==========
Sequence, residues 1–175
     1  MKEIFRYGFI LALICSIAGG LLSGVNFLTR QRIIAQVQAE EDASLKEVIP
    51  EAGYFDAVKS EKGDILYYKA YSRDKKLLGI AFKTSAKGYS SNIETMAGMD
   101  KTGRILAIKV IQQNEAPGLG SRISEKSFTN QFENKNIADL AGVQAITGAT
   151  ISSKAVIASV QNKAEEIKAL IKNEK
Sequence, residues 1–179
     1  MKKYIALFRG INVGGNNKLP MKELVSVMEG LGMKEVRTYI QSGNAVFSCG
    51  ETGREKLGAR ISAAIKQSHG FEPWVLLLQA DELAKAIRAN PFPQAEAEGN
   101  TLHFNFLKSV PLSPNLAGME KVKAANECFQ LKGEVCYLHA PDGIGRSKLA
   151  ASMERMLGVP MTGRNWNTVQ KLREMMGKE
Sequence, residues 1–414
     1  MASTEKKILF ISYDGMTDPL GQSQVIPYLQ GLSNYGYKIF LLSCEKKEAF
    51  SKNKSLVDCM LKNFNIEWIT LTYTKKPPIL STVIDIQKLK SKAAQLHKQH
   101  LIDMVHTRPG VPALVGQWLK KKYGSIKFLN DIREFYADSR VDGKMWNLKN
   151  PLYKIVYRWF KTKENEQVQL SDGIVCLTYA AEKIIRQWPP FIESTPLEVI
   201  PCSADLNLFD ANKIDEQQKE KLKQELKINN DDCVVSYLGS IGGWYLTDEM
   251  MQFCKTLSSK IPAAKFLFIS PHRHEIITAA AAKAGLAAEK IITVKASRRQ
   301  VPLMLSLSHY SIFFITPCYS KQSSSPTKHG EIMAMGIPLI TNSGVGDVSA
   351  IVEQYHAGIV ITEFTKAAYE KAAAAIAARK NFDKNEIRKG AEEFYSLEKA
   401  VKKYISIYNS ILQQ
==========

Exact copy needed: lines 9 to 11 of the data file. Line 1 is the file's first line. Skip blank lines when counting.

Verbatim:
   101  TLHFNFLKSV PLSPNLAGME KVKAANECFQ LKGEVCYLHA PDGIGRSKLA
   151  ASMERMLGVP MTGRNWNTVQ KLREMMGKE
Sequence, residues 1–414